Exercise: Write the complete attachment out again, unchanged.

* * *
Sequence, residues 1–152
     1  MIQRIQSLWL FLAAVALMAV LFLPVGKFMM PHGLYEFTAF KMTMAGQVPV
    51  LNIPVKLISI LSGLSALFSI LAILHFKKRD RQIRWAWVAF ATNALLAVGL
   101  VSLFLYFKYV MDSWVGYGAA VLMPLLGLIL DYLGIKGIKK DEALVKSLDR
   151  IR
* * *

Sequence, residues 1–152
     1  MIQRIQSLWL FLAAVALMAV LFLPVGKFMM PHGLYEFTAF KMTMAGQVPV
    51  LNIPVKLISI LSGLSALFSI LAILHFKKRD RQIRWAWVAF ATNALLAVGL
   101  VSLFLYFKYV MDSWVGYGAA VLMPLLGLIL DYLGIKGIKK DEALVKSLDR
   151  IR